Getting a faint, glancing contact on your hook shots will usually cause the ball to go a lot finer, whereas a heavier contact will cause the ball to go squarer of the wicket on the leg side. This is useful to remember when you’re trying to pick your gaps!
If you want to make sure the hook shot is hit along the floor, make sure you keep your hands high and stand as tall as you can to help you get on top of the bounce. When you’re on top of the bounce, you can force the ball downwards. Additionally, ‘rolling your wrists’ as you make contact can help you hit the ball down rather than up. To roll your wrists, simply rotate them so that the face of the bat is slightly angled towards the ground as you make contact with the ball.
If you’d like more tips on how to play the short ball, click here to read my in depth guide!
Why Is The Hook Shot Difficult To Play?
I’ve kind of already covered this above – but it’s worth writing again! The hook shot is one of the most difficult cricket shots to play because it’s usually played against the quickest bowlers and against deliveries that target vulnerable parts of our body like our neck and head. Therefore, a lot of inexperienced cricketers can be a little afraid of launching into a full-blooded hook shot in case they get it wrong and get hit by the ball! It is also hard to play whilst managing to avoid the fielders or miscuing the shot and hitting it directly up in the air!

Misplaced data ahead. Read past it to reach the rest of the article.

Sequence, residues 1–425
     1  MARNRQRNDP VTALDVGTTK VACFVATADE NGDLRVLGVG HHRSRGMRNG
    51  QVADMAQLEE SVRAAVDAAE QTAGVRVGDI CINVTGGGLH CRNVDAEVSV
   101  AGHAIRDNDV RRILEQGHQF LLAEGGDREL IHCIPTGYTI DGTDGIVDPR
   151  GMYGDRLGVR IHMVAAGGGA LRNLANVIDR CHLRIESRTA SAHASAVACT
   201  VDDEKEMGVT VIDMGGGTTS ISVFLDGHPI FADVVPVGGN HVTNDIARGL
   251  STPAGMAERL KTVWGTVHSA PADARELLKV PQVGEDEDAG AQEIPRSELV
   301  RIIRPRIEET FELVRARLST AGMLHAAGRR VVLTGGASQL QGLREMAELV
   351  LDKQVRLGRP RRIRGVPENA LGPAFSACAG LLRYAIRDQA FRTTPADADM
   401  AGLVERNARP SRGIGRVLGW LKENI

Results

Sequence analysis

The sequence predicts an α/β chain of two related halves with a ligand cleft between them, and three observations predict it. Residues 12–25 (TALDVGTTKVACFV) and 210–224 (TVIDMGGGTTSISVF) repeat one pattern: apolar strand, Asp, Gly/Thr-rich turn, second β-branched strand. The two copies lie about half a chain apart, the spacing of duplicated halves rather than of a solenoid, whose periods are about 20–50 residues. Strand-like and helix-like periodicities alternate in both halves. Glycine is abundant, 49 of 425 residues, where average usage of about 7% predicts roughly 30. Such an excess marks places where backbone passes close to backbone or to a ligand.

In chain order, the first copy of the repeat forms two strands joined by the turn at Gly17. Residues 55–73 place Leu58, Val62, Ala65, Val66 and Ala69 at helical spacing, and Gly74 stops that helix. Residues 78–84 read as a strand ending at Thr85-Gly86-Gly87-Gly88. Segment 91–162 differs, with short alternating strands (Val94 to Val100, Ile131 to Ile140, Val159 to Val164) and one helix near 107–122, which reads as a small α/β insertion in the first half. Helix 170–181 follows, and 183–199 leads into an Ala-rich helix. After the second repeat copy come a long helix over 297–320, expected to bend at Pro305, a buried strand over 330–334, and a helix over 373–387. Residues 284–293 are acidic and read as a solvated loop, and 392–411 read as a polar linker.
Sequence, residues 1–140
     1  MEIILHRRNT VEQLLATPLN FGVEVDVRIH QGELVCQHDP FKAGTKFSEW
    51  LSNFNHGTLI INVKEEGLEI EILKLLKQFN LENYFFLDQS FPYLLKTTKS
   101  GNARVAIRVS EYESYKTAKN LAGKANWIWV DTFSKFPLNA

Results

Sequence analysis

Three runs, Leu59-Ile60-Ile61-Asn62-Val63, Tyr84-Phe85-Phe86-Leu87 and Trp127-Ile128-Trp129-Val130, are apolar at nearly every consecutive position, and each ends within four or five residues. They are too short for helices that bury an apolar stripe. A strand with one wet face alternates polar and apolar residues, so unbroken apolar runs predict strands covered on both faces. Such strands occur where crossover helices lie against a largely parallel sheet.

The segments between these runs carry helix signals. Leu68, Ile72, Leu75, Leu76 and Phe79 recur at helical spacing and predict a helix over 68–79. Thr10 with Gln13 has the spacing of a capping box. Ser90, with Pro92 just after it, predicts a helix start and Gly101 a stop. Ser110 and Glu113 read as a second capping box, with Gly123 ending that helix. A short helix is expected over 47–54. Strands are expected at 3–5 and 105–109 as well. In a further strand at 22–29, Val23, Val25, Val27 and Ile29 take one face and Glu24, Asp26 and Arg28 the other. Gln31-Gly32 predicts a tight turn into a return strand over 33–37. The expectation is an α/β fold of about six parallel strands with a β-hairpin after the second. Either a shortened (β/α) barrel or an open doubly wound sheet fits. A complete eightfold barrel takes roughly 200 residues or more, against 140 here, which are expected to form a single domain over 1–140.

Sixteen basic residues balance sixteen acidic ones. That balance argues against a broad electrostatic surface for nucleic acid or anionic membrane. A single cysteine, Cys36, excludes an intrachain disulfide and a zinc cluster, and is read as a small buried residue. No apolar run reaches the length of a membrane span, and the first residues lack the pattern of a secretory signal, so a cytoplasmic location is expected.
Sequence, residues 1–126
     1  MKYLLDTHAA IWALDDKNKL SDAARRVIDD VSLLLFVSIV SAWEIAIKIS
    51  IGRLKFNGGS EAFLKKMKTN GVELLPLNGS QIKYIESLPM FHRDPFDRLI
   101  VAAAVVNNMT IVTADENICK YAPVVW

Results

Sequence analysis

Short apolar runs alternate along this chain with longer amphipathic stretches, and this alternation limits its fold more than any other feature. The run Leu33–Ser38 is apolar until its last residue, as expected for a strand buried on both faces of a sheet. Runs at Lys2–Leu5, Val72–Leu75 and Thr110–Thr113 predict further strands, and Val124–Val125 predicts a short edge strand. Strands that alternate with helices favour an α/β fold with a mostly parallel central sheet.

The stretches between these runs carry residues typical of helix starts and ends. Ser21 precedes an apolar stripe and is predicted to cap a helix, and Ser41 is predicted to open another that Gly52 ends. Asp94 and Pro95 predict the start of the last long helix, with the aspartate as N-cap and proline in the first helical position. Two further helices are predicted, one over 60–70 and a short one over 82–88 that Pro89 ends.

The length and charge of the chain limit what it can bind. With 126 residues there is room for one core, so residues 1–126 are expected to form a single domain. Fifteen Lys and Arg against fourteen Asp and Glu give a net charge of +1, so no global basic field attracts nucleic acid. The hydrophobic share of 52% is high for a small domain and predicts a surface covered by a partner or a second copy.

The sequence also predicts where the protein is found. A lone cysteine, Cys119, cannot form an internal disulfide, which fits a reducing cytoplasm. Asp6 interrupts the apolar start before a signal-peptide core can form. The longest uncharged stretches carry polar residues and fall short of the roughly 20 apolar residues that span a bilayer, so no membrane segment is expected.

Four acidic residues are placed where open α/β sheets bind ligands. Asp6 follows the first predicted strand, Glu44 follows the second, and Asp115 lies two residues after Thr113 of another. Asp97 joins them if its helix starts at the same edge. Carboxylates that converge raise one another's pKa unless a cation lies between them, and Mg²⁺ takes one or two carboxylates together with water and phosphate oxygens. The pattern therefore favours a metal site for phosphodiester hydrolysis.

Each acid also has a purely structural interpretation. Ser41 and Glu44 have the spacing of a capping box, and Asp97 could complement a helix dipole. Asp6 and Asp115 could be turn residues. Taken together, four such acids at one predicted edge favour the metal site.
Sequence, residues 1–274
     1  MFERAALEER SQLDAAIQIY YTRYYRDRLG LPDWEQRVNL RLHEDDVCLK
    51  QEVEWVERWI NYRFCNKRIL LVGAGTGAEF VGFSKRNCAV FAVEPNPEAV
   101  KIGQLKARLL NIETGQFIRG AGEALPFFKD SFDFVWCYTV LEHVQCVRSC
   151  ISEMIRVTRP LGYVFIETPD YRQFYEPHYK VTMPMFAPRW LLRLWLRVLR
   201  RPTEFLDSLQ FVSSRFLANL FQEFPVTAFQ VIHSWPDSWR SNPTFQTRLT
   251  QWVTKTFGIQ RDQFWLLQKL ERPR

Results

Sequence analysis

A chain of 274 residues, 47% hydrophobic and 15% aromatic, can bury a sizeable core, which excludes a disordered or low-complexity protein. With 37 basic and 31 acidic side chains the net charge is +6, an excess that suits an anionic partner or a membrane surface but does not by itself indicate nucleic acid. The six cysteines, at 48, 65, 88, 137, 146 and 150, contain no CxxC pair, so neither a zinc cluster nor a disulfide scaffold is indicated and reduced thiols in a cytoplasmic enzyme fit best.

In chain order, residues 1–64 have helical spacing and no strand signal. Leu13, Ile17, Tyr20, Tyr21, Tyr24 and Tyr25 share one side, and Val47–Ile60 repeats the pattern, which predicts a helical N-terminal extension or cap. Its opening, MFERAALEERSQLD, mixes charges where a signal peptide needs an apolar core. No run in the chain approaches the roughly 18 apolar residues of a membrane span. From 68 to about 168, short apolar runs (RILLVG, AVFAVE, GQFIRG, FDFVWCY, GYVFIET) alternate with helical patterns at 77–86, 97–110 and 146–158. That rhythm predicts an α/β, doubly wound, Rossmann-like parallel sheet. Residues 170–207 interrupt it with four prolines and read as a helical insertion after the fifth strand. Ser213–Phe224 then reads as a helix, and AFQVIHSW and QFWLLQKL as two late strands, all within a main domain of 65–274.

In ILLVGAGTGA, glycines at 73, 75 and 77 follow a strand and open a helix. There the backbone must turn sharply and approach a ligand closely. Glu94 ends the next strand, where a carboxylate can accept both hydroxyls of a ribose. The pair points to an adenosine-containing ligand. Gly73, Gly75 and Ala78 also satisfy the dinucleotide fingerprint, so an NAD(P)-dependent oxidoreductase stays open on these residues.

The shot has arguably become easier to play in recent decades now that batsmen all wear helmets that protect the head and the face. Just imagine being a cricketer in the 1960’s or earlier and facing some of the world’s fasted bowlers without a helmet! In that era, the hook shot was a shot full of risk.
When Should You Play The Hook Shot?
Firstly, you should always be thinking about playing the hook shot when you receive a very short delivery that is angled towards your body or slightly down the leg side. However, I also like to use the hook shot as a statement of intent to try and disrupt the momentum of a bowler. For example, if a fast bowler is in good rhythm and is bowling a series of fast, hostile short deliveries at me, I see the hook shot as a great option to disturb this rhythm. Connecting with a couple of hooks and smashing the ball to the boundary during a passage of play like this can force the bowler to abandon their tactic and begin pitching the ball up – where most batsmen are a bit more comfortable!
Also, I always see the hook shot as a good option if the fielding team has left big gaps on the leg side boundary. For example, if they have a fine leg and a deep mid-wicket in place, this leaves a huge gap between them – a gap that is perfect for targeting with the hook! In this scenario I would try to hit the ball aerially to clear any close-in fielders, whilst making sure I pick the gap.
So, there you have it – my opinion on the toughest cricket shot to play, as well as a few other honourable mentions! I hope you enjoyed this post and found it informative. If you did, and you’d like to know more about batting then feel free to check out my batting tips page. There should be a post to suit your tastes there!
If you want more information about all kinds of different cricket shots, then I’ve put together a huge post that covers each shot in detail. You can read that by clicking here!